Bitcoin Jumps 4% Following Iran Airstrike, Safe Haven Asset?
Turmoil in Iran sparks a noticeable Bitcoin price spike.
The recent U.S. airstrike in Iran pushed the price of Bitcoin up 4%, along with gold and oil. Further possible conflict in the region could drive BTC’s price even higher, affirming its role as a safe-haven asset.
The U.S. Department of Defense issued a press release announcing an airstrike late Thursday that killed Qasem Soleimani, the leader of the Islamic Revolutionary Guard Corps-Quds Force, a Foreign Terrorist Organization as designated by the United States. Immediately following the strike, the price of oil and gold — traditionally seen as safe-haven investments — jumped, while traditional markets took a hit.
However, oil and gold weren’t the only assets to benefit. Within two hours of the press release, Bitcoin shot up 4.1%, from $6,945 to $7,230.
The gains seem salient, with Bitcoin trading over $7,300 at press time. The reaction from the market may reaffirm the narrative that Bitcoin acts as a “safe-haven” asset, an investment that is purchased in times of global uncertainty. Meanwhile, the S&P 500 dropped 0.98% at market open and is still down 0.51% at time of writing.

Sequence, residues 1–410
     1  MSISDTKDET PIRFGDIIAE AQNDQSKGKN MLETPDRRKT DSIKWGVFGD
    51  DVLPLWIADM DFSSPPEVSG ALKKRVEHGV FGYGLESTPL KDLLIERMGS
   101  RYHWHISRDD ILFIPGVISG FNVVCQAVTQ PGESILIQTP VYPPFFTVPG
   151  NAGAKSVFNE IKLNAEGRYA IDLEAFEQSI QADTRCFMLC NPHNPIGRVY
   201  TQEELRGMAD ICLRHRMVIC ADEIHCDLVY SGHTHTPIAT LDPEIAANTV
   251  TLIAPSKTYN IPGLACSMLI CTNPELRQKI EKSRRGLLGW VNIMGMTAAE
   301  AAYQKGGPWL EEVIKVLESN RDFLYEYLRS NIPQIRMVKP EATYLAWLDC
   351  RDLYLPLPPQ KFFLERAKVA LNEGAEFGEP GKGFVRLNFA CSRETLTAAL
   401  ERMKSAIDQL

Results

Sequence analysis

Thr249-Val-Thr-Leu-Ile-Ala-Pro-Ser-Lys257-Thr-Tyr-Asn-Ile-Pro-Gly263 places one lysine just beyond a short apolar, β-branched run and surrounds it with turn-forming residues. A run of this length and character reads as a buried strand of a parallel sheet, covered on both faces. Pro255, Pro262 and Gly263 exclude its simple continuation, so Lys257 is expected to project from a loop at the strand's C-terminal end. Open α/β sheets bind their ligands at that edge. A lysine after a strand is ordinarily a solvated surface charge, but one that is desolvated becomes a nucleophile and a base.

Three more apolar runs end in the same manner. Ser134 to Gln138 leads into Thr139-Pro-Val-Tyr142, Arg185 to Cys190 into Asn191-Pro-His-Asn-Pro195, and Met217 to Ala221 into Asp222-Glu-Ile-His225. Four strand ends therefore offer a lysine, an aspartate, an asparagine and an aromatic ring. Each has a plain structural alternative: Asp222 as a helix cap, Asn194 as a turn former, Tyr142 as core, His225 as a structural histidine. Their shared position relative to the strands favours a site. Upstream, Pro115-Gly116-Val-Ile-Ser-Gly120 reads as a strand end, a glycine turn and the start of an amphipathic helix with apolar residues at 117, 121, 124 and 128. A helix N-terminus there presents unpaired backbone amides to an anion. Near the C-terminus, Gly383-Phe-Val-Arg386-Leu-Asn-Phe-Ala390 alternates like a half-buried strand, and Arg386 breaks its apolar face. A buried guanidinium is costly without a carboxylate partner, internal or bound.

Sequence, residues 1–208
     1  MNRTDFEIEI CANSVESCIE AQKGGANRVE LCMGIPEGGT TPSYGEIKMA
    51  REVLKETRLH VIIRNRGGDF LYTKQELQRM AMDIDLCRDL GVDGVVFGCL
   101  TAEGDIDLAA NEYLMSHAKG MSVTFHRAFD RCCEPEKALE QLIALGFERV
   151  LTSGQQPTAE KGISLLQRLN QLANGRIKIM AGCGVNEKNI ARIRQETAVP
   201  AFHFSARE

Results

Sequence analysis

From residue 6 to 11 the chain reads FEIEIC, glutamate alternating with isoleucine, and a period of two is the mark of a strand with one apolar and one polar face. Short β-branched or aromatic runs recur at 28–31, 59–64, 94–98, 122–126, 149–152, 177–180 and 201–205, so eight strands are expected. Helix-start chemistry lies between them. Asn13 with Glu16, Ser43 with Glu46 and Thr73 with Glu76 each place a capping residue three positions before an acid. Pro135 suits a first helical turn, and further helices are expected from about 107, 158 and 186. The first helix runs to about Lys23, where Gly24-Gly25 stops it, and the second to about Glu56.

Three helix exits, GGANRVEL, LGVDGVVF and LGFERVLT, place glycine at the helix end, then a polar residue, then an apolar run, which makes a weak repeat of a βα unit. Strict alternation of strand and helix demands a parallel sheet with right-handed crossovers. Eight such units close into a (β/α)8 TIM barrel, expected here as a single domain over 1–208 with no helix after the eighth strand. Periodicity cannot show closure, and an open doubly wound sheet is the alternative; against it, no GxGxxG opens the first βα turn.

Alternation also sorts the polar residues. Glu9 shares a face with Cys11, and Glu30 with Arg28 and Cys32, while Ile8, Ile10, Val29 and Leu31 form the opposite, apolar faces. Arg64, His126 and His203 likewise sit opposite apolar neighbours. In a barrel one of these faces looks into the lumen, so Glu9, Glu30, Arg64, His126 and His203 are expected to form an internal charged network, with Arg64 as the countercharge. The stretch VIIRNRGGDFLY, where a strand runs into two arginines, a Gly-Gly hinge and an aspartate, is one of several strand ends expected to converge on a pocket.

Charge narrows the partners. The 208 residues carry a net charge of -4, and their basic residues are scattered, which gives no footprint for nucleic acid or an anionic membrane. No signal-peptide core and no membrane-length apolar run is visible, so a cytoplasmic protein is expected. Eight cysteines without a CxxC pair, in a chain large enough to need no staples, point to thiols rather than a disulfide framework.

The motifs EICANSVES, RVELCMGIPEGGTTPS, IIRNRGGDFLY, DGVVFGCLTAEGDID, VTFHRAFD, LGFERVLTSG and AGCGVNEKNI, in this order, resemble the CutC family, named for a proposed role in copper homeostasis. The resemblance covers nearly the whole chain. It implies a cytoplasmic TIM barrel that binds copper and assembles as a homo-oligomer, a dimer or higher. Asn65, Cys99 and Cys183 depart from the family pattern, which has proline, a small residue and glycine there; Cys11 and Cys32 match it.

However, there are some who are still skeptical of Bitcoin’s narrative. Alex Krüger, an economist and popular Bitcoin commentator, called the relationship between the news and the price jump “absolute nonsense.” Other safe-haven assets reacted well before the Defense Department announced the news.
That said, the difference in reaction time could stem from different levels of sophistication between the firms that trade Bitcoin and traditional assets. Commodities and stocks tend to have efficient markets around them, where firms employ advanced tools to obtain the fastest and highest quality information. In contrast, the resources available to firms trading Bitcoin pale in comparison.
Tim Ireland, a quantitative financial analyst, said in a conversation with Crypto Briefing:
I think it’s reasonable to think that the price action seen in these assets isn’t spurious. They all experience a substantial spike in volume and correlated price action in the hours after the news breaks. Discrepancies between the exact price action might be explained by different market composition: gold and oil are both far larger markets than BTC and likely have a much more substantial institutional presence.
Until BTC grows into an asset class with a market capitalization in the trillions, it’s unlikely that the debate will be resolved.